Skillet #7 - Alan's Lachha Paratha with Spiced Roasted Vegetables and Raita
We were lucky enough to have Alan come in and share his recipe for Lachha Paratha with the group this week. Alan is a fourth year Bachelor or Arts and Diploma of Languages student at the University of Melbourne and has a passion for community building and skill-sharing, as demonstrated by his tireless work with the community garden on campus.
Alan - "I'm Alan, a fourth year Bachelor of Arts and Diploma of Languages student at the University of Melbourne. I'm excited to share this recipe for lachha paratha with spiced roast vegetables and yoghurt as it involves so much of what I love about cooking: techniques like different ways of rolling the flatbread are fun to learn (though I definitely need to experiment more) and they work wonderfully with something simple and easy to adapt like roast vegetables. It is also great food to share and the type of thing I enjoy making for my housemates."
Serves: 4 people
Cook time: 1 hour
Prep time: 30 mins
1 cup plain flour
1 cup wholemeal flour
2 cups warm water (approximately)
2 Tbsp vegetable oil
Pinch of salt
1 Tbsp of Ghee (or substitute with butter)
1 cup yogurt
2 Tbsp lemon juice
1 small cucumber, seeds removed and finely diced.
1 pinch salt
1 cup chopped mint
Add-ons: 1 Tbsp cumin seeds, 1 clove minced garlic, 1 Tbsp lemon zest
½ butternut pumpkin, roughly chopped
½ cauliflower, roughly chopped
2 potatoes, roughly chopped
½ cup vegetable oil
1 Tbsp ground cumin
1 Tbsp ground coriander
1 Tbsp salt
1 tsp ground turmeric
1 tsp chili powder
½ cup fresh coriander to serve
Combine both plain flour and wholemeal flour in a bowl and make a small indent (or a “well”) in the middle with your hand.
- Add one of the tablespoons of vegetable oil to the flour and mix through.
Incrementally add in small amounts of hot water while kneading the dough with your hands. Continue to combine and knead until flour is a dough-like consistency – i.e. tight and well-formed but not quite “sticky”.
Set aside for ten minutes to rest.
Once rested divide into 4 – 5 parts and roll into balls and begin to roll out individually with a rolling pin so that they become circular and flat. Aim to make them around 5mm thick at this stage and the desired circumference of your final product.
Paint one side of the paratha with the Tbsp of vegetable oil now and proceed to fold the dough:
first in half to form a semi-circle,
then fold one corner across a third of the semi-circle,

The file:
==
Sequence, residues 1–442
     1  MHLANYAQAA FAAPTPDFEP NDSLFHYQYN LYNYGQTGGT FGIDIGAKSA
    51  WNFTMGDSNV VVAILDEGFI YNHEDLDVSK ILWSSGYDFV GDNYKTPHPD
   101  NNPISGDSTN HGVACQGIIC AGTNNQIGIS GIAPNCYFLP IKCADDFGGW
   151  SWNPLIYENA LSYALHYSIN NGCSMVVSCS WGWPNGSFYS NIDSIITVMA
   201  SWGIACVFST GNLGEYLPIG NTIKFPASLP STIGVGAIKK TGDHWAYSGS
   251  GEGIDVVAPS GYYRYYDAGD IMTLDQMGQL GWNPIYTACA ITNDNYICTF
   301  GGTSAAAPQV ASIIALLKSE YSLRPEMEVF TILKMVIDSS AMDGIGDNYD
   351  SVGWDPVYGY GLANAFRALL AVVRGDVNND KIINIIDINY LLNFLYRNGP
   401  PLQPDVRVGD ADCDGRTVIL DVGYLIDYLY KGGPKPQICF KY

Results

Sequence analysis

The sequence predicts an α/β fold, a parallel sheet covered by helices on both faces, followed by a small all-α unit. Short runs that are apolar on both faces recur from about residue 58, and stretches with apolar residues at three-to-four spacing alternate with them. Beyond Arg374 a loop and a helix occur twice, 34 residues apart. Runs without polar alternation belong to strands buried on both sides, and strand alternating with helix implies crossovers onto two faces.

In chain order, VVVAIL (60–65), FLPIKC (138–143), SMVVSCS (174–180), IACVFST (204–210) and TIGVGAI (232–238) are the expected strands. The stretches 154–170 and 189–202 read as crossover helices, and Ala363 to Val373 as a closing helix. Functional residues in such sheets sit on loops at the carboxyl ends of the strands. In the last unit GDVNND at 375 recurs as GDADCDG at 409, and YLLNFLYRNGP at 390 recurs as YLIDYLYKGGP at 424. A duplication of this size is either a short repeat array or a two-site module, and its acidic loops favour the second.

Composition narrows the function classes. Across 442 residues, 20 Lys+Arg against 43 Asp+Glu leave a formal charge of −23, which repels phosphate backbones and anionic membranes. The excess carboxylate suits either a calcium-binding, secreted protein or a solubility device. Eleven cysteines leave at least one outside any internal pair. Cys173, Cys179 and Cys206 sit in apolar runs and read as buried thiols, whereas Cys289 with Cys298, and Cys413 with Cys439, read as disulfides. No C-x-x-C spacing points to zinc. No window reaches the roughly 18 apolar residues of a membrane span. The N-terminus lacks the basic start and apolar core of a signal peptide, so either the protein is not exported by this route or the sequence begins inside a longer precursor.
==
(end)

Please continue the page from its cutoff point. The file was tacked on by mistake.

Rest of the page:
then fold that fold once more so it forms a loose “cone-like” shape.
Pick the dough up and place so the base of the cone (i.e. the smallest tip) touching the bench and proceed to both twist and push down with your hands to form another ball of dough just like you started with. Now you should be able to visibly see the layers of oil and paratha within your balled dough.
Repeat step 4 and roll our your paratha to desired size and preferably a little thinner than previous steps.
Once all 4 – 5 balls have been rolled, heat a non-stick fry pan over medium heat and place first paratha in pan. Flip when small bubbles begin to appear on the surface and the underside is beginning to brown.
Paint the exposed side of the paratha with one Tbsp ghee (or butter if substituting) and flip as per indications given in step 7.
Repeat step 8 and serve immediately once both sides are brown and crispy.
Pre-heat fan-forced oven to 200 degrees.
Line oven tray with the half cup vegetable oil and place in oven as its pre-heating.
Roughly chop the pumpkin, potatoes and pull apart the cauliflower.
Combine all spices and combine with the vegetables in a bowl, making sure to evenly cover each individual piece.
Place the pumpkin and the potatoes in the pre-heated oil in the oven tray and place back in oven, but reserve the cauliflower.
Cook for 30 mins before turning the pumpkin and the potatoes, add the cauliflower at this point.
Cook for a further 30 mins and remove when crispy on the outside and tender on the inside.
Combine all ingredients in a bowl and gently mix together.
To save time put the vegetables on to roast when you're paratha dough is resting.
Aim to use only one hand when kneading the dough as you’ll always have to either grab more flour or water at some stage and its easier with at least one clean hand.
When rolling your paratha, use the rolling pin to work your way out from the centre of your dough so that you are consistent and measured in your rolling.
Don’t overthink it and overwork your dough: if you fixate and try to make it perfect, it’ll get too aerated and won’t be as fluffy in the end
Practice makes perfect with any kind of dough. Don’t be put off with some difficulty at first and power through until you make the perfect paratha!